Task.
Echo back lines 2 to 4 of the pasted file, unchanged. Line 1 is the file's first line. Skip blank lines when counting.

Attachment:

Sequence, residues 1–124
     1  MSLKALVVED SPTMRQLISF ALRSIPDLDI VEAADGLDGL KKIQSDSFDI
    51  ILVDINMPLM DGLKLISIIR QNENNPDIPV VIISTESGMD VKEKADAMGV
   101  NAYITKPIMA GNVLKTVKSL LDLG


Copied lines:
     1  MSLKALVVED SPTMRQLISF ALRSIPDLDI VEAADGLDGL KKIQSDSFDI
    51  ILVDINMPLM DGLKLISIIR QNENNPDIPV VIISTESGMD VKEKADAMGV
   101  NAYITKPIMA GNVLKTVKSL LDLG